Installing coiled spring pins

Features - Coiled Spring Pins

Manual or automated assembly options support various volume demands.

March 2, 2020


Coiled spring pins were designed for assembly. Compared to other pins, the square ends, concentric chamfers, and lower insertion forces ease installation. Additionally, coiled pins can accommodate wider hole tolerances better than any other pin type because they compress during installation and conform to the shape of the hole. Coiled pins are the easiest type of pin to install and are designed to be serviceable.

The coiled pin’s nominal diameter represents the recommended hole size for the product into which it’s being installed. Coiled spring pin design guidelines provide the recommended hole tolerance range. The coiled pin’s pre-installed diameter is greater than the hole size, and the chamfer diameter is smaller than the hole. During installation, the swaged chamfer aligns the coiled pin with the hole and facilitates compression of the coils as it’s driven into position.

Installation options

Most manufacturers prefer to use a hammer when only a handful of prototype assemblies are needed. When the pins are too small to hold while hammering into the hole, some opt for a pin-driving chuck so that they don’t have to hold onto the pin while it’s being inserted. Automatic pin inserters are preferred for high production volumes because they provide a significant return on investment (ROI) and are also preferred for difficult-to-handle small diameter pins.

Hammer – For the simplest coiled-pin installation method, align the coiled pin up to the hole by hand and hammer the coiled pin into the hole like a nail. Drive the pin to the desired insertion depth and be careful not to damage the host.

Using a hammer is great for prototyping a handful of assemblies or trying out a coiled pin for the first time. This installation method is not recommended for short pins or pins with small diameters because it can be difficult to hold them in place by hand.

Manual press or air hammer with pin driving chuck – Secure the pin driving chuck into the press or air hammer, then manually insert the coiled pin into the end of the driver. Next, place the exposed end of the pin into the hole and complete the installation by advancing the press handle or actuating the air gun.

Heavy, standard, and light duty coiled spring pins.
Photo courtesy of Spirol Corp.

Presses and air hammers with pin chucks allow for better axial alignment, control, and quicker cycle times compared to a hammer. These are great solutions for small- to medium-volume production. Pin-driving chucks are cost-effective and versatile tools allowing manufacturers to control alignment and insertion depth. Also, the chuck will hold the pin securely in place prior to and during installation. The pin-driving chuck has an internal punch with a diameter smaller than the hole but greater than the pin’s chamfer diameter, critical for effective installation.

Automatic installation equipment – Ideal for efficient, high-volume production, automated solutions are completely self-contained. The fastener is oriented in a vibratory feeder and fed to a shuttle mechanism that positions the fastener directly underneath the insertion quill. The shuttle is mounted on a retracting mechanism that positions the pin exit bushing as close to the assembly as possible for insertion, then retracts for unobstructed loading and unloading.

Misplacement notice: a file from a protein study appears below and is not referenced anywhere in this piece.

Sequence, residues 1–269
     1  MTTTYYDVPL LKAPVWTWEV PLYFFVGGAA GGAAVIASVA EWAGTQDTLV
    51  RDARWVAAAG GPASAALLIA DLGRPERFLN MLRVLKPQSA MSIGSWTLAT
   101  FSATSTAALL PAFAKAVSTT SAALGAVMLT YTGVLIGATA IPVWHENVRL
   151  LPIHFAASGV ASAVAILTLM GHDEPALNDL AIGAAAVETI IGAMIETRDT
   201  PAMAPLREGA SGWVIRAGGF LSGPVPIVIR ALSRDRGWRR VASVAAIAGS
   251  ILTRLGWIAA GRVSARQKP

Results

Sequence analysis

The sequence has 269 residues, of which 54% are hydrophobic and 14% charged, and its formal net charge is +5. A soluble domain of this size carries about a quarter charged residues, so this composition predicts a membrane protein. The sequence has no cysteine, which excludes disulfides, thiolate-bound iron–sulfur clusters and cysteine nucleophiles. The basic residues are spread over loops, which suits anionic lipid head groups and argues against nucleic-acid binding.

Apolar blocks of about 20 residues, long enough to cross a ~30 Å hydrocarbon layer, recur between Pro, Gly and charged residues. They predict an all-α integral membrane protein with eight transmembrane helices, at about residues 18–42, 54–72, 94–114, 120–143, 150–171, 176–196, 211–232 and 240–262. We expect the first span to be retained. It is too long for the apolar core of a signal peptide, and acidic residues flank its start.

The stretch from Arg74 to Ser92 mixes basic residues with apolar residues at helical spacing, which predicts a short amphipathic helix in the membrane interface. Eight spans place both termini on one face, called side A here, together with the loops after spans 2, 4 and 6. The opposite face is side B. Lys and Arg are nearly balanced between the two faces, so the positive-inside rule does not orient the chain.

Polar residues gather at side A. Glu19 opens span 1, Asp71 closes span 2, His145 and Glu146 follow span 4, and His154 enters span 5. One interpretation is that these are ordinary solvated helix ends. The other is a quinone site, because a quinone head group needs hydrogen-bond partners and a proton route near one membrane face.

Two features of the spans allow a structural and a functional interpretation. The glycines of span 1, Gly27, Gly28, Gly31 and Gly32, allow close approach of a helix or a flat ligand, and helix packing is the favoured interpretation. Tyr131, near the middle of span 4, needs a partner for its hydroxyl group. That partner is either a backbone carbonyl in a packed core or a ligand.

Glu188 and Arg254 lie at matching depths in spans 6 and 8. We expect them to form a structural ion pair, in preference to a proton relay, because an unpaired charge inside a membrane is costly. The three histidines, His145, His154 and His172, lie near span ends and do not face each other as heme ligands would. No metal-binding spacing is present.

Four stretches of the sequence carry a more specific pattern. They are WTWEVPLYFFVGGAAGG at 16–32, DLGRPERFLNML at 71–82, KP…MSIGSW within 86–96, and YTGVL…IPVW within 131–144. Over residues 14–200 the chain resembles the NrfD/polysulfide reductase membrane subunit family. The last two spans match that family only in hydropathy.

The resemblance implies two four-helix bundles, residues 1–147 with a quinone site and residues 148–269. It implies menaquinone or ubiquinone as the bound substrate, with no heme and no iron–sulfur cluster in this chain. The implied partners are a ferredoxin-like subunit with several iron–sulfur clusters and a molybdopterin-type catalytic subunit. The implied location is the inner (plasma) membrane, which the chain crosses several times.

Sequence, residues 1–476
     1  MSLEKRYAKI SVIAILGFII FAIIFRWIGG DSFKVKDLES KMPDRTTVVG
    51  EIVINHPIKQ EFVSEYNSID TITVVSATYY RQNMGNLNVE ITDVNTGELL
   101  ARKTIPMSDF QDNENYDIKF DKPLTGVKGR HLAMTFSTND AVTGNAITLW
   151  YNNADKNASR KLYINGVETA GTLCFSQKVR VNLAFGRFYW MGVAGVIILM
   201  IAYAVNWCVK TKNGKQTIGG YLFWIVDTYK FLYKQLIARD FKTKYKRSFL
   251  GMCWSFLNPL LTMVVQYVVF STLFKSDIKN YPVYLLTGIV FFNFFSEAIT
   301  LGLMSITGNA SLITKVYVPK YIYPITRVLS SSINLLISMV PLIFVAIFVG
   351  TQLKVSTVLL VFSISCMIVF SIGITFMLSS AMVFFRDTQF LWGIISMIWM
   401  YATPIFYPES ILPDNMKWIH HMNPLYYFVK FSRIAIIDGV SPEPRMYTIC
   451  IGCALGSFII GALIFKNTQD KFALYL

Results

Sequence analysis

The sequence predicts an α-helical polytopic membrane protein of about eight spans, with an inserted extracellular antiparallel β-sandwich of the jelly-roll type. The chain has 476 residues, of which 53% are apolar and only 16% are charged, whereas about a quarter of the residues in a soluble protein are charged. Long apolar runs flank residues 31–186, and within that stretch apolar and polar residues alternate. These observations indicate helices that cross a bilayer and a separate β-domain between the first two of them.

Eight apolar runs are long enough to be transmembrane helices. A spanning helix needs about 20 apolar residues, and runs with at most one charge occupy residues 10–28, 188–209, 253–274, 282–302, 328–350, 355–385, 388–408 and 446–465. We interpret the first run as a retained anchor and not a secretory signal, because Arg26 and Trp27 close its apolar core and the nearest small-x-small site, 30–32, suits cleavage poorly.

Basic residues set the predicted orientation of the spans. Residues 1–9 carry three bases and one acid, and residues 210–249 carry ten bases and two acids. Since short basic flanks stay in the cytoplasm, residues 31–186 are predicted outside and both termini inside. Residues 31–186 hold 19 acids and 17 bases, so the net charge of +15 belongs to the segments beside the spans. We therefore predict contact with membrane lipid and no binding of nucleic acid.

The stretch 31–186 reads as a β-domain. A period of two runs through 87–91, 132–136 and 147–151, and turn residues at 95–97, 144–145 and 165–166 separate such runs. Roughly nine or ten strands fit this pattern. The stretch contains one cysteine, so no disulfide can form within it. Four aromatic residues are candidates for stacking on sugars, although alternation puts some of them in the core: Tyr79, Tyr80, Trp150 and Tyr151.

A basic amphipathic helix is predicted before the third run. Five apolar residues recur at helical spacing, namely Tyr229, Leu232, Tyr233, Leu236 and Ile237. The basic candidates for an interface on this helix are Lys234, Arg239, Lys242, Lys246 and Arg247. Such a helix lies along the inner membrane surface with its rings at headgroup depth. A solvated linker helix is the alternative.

Installation is simple with an automatic pin inserter. The operator will load the assembly onto the fixture, activate the machine to insert the pin, then remove the assembly from the fixture. The operator doesn’t handle pins during any part of the installation process; all that is required is to pour the pins from the shipping container directly into the feeder bowl when the quantity in the bowl needs replenishing.

Many options are available to customize the automatic inserter such as adding adjustable workstations, infrared safety light curtains, force monitoring, distance monitoring, part presence sensing, rotary index tables, feeder bowl level monitoring, drilling and pinning combinations, and multiple pin insertions per cycle. The feeder bowl can also be designed to sort out errant product or debris.

The coils on coiled spring pins compress during installation.
A pin driving chuck.
Figure 1
An automatic pin installation machine.
Photos courtesy of Spirol Corp.

Additional considerations

Fixturing – Devices that hold, support, and align components during installation are critical to the performance of the installation equipment and the quality of the final product. Effective fixturing also improves cycle times, reduces the risk of scrapped assemblies, and poka-yokes the beginning of the assembly process.

Spring-loaded alignment pin – Recommended for assemblies with through-holes, spring loaded alignment pins ensure alignment is maintained between the pin and the holes of the assembly components throughout the installation process. A spring-loaded alignment pin affixes to the installation table and aligns the assembly prior to and during installation. Spring-loaded alignment pins (also known as locating pins) have spring mechanisms so they retract as the pin is inserted into the assembly (Figure 1, below). Fixtures using the periphery of the assembly components as datums rather than a disappearing pin require tighter tolerances on the parts to maintain proper alignment, increasing manufacturing costs without adding value compared to using a disappearing pin for assemblies with through-holes.

Spirol Int. Corp.

About the author: Jeff Greenwood is a product sales engineer at Spirol Int’l Corp. He can be reached at